Exploring Opportunities to Accelerate Large Neighbourhood Commercial Growth in East Guelph

In furthering my committment to advocating for East Guelph commercial development, below please find a motion I will be bringing forward for council’s consideration on Feb 27th. While I continue to champion new commercial development within the long awaited mixed use node at Watson & Starwood, I’ve always maintained that the East End needs more; and moving forward with the reconstruction of York Road presents that opportunity. After successfully getting the York Road Environment Assessment back into the 2015 budget and securing funding for a City wide comprehensive commercial policy review in the 2016 & 2017 budgets, now is the time to be welcoming expressions of interest for commercial development along York Road.

This motion sets out to acheive this and directs staff to consider other opportunities, and report back to council as these interests come in to City Hall so that we can respond as quickly as possible.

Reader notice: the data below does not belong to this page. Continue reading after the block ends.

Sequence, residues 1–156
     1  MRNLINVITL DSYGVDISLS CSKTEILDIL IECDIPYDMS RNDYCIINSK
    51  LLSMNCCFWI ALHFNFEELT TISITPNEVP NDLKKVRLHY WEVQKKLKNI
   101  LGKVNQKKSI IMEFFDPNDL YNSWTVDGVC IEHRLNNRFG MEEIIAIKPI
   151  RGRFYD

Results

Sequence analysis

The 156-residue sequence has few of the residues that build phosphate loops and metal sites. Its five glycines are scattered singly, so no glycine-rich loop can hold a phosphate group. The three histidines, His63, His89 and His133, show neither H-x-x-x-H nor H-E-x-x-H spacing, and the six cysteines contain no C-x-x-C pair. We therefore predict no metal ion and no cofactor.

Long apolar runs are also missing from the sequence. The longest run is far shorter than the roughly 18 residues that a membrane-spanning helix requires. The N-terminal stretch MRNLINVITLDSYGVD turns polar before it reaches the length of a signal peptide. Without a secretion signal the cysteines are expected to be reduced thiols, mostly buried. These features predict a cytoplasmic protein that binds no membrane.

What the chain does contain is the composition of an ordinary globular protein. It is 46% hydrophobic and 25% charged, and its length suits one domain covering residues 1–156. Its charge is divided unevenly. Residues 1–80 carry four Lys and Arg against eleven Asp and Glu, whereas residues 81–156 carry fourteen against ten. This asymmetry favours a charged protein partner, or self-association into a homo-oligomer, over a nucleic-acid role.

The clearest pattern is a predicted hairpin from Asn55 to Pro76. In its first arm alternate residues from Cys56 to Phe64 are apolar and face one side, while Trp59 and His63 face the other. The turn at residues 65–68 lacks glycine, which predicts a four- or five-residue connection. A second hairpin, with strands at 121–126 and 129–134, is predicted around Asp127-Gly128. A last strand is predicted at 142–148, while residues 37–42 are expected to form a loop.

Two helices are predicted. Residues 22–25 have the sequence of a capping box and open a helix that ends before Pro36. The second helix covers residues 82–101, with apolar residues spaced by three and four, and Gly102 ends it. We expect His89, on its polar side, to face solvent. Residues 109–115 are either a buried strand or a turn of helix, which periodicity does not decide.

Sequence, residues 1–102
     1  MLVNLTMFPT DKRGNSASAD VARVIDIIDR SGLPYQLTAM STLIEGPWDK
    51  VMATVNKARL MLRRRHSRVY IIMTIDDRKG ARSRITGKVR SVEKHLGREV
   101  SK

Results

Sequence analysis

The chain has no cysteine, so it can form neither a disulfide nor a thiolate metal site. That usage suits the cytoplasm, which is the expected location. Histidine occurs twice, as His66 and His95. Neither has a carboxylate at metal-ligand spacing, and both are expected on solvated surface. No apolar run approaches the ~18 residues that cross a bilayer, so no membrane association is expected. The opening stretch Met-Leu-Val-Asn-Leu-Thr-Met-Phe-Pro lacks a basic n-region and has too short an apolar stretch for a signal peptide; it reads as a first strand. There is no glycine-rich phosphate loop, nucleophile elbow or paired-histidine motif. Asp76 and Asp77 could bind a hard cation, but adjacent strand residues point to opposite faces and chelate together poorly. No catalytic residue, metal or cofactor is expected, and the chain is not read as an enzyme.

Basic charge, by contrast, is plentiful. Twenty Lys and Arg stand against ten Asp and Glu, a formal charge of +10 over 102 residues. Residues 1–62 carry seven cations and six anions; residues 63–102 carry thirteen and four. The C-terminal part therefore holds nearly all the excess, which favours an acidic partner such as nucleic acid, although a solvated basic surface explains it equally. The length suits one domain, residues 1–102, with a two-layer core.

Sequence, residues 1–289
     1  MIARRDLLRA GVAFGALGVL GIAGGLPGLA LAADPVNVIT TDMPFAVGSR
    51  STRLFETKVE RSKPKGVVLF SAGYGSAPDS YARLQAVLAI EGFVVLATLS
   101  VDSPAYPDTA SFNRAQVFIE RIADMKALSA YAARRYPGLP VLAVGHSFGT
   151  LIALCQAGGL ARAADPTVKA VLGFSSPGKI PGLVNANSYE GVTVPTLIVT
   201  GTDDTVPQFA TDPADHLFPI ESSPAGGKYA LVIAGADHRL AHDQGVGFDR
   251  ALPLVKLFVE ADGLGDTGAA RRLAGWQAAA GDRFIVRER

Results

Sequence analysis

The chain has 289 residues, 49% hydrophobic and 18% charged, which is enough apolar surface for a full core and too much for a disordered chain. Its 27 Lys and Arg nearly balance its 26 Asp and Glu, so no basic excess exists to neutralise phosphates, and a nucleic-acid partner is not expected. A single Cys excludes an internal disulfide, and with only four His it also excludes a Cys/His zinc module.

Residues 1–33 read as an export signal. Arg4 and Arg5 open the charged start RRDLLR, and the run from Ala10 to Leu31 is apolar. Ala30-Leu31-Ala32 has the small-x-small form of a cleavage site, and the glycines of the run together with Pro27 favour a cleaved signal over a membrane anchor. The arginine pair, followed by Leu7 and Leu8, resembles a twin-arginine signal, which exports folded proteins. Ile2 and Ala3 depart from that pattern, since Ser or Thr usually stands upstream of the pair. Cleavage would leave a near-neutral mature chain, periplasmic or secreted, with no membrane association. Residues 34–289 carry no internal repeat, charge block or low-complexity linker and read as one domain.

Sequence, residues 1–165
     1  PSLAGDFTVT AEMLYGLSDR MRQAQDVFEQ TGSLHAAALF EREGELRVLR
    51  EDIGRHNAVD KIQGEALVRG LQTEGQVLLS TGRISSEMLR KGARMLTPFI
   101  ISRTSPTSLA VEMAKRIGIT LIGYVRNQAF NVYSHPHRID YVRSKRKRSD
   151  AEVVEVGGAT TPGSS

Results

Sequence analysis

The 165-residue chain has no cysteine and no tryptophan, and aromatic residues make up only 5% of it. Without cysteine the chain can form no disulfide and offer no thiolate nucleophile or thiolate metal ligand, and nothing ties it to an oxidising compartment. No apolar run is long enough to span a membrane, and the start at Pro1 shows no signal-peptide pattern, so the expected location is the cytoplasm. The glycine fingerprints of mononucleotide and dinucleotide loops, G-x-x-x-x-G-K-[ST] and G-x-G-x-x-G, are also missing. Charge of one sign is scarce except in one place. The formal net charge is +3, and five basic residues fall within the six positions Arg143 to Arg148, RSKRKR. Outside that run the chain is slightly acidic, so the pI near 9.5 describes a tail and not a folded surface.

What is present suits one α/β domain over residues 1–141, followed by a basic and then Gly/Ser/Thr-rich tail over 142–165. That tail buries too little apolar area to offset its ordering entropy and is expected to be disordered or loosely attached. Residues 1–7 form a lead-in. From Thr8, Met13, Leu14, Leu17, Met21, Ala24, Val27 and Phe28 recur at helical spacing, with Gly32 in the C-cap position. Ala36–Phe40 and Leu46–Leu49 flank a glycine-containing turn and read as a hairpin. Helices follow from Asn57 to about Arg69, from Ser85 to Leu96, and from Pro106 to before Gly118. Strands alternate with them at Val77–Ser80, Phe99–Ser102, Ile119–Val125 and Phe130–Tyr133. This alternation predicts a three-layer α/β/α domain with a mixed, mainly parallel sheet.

If you agree with this direction (to see commercial redevelopment occur along York Road), I encourage you to express your support by sending an email to

Dan Gibson
Ward 1 City Councilor
519-827-6407 (c)

Why is there no Grocery Store in the East End?

Courtesy Guelph Today

January 6, 2016

It is one of the most common complaints in Guelph.

Whenever a new store, business or service opens in the south or west of the city, residents of Gueph’s east side feel stiffed … again.

The lack of amenities, in particular a grocery store, has long been a thorn in the side of those living east of Victoria Road.

We chatted with Ward 1 councillor Dan Gibson about why there isn’t a grocery store and other significant amenities and when there might be one.

If you live in east Guelph you might not like the answers, but it might help understand the situation.

Is there enough population in east Guelph to warrant a grocery store?

Gibson says yes. He estimates 15,000 people live east of Victoria Road.

“The density is definitely there,” he said.